The Repeat purchase step was divided into the components that determine if the customer will come back

Experience encompasses the shopping experience, satisfaction / experience with the product or service and even the experience with customer service. As more sites and tools allow customers to share their experiences, the impact of positive or negative experiences is magnified beyond the immediate circles and is kept for posterity.

Loyalty is the culmination of all brand efforts to make you a frequent customer who is loyal to the brand and is a brand ambassador to others.

David Mercer also suggests adding Peers and Vendor activities in parallel to the customer process and examines how they influence the decision making process

 

Peers Customer Vendor

process-10

 

 

While this model greatly expands the basic AIUAPR model it addresses the reality e-commerce 1.0

In e-commerce 2.0, a few things change:

  1. Communications are not one sided. Every communication is interactive where data and opinions get exchanged.
  2. The Peer group definition had expanded to include everyone accessible through the internet that has an experience or an attitude/opinion towards the brand, product or service.
  3. As such, it is not enough for the Vendor to try and manage customer experience as they become peers, you need to manage and have specific information and communication plans for the peers as defined at every stage.

The new model will look something like this:

It includes on top the customer, peer, and vendor relationships

anewecommer3

On the other it looks at the customer lifecycle from e-awareness to e-commerce and e-service. Each one of these buckets includes the actions and interactions in the phase.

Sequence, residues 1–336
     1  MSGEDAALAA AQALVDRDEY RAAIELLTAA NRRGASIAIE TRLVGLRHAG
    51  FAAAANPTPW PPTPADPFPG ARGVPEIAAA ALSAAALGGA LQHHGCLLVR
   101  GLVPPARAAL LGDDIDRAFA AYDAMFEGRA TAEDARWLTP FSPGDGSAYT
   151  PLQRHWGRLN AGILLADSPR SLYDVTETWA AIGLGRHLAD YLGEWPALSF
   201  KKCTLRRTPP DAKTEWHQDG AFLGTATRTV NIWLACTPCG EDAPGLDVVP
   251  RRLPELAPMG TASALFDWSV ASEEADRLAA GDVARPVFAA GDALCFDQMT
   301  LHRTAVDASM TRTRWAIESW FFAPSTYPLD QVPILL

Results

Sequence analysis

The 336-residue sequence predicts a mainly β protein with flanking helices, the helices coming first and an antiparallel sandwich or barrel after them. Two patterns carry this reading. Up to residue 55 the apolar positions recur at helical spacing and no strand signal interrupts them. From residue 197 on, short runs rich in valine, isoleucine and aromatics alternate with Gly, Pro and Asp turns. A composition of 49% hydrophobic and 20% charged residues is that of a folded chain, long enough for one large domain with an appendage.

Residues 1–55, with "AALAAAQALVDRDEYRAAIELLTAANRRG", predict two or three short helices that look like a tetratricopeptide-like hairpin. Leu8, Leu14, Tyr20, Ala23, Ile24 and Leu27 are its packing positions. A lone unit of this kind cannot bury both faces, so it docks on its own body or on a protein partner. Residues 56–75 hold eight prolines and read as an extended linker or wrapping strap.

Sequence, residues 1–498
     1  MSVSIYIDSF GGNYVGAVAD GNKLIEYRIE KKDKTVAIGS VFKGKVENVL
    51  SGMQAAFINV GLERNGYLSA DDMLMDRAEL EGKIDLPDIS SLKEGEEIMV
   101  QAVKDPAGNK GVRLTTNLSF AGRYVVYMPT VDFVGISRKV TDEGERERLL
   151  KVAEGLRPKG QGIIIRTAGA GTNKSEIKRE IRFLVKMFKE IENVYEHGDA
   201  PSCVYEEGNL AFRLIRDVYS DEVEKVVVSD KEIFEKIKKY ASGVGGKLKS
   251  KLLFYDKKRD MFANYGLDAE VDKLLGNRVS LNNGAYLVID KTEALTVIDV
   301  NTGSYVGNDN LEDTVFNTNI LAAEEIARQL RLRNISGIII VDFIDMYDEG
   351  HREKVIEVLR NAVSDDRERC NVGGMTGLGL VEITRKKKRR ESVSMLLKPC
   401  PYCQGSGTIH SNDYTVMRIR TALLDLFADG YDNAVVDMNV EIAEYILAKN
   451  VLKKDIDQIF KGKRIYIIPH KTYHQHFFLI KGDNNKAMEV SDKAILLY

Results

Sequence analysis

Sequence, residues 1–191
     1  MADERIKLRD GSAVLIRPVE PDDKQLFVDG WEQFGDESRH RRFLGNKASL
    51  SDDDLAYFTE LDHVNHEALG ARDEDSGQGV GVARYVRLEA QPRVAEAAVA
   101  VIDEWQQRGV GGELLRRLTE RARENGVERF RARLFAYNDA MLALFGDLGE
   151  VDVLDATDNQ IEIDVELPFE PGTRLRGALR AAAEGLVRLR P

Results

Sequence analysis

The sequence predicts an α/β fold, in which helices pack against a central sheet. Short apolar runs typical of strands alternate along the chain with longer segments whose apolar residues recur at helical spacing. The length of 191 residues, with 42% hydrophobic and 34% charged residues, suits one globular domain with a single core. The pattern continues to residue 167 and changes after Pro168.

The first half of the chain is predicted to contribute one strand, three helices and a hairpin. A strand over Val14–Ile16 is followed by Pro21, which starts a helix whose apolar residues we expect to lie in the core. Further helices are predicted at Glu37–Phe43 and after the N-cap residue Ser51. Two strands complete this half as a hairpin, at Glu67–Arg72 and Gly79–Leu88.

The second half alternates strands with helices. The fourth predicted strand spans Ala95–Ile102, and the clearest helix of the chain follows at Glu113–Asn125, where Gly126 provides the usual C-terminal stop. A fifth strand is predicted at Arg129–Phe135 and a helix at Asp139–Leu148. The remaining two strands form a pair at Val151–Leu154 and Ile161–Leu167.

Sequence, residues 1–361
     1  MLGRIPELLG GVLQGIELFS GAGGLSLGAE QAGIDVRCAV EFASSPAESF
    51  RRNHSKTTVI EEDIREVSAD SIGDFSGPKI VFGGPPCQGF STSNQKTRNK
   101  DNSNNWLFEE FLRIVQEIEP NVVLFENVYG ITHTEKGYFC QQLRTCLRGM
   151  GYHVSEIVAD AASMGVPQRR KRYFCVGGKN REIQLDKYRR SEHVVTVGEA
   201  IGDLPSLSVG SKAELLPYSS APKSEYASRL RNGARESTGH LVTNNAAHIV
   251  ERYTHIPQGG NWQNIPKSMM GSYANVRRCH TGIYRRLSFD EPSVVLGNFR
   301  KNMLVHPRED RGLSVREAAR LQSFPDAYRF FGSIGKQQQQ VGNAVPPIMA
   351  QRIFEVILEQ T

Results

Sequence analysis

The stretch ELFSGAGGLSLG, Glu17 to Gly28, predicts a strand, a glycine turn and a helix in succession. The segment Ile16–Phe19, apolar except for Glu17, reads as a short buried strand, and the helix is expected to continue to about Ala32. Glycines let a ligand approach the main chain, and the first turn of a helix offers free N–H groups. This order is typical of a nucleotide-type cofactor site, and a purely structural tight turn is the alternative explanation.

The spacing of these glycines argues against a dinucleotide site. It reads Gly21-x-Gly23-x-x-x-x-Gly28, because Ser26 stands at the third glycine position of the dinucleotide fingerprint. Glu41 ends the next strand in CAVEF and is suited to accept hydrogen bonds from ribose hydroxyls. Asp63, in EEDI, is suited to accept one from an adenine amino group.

On the bottom it has the funnel that collects all possible data from all these interactions and processes it as analytics, to be fed into the systems and decision processes that will improve the next iterations.

E-commerce 2.0 high level map

ebusinessdiagram

 

What I think differentiates this model from traditional e-commerce models:

  1. Peers. The influence of peers as part of a social network or even opinions of strangers expressed in blogs and communities or review sites had increased tenfold and has to be acknowledged and managed.
  2. E-marketing is evolving into e-awareness as marketing and PR work together to create awareness to brand and products.
  3. Analytics need to be collected at many different levels. Customer actions and interactions not just on our site but through the awareness and service channels. The interactions with the brand can provide great data as to cause and effect and ROI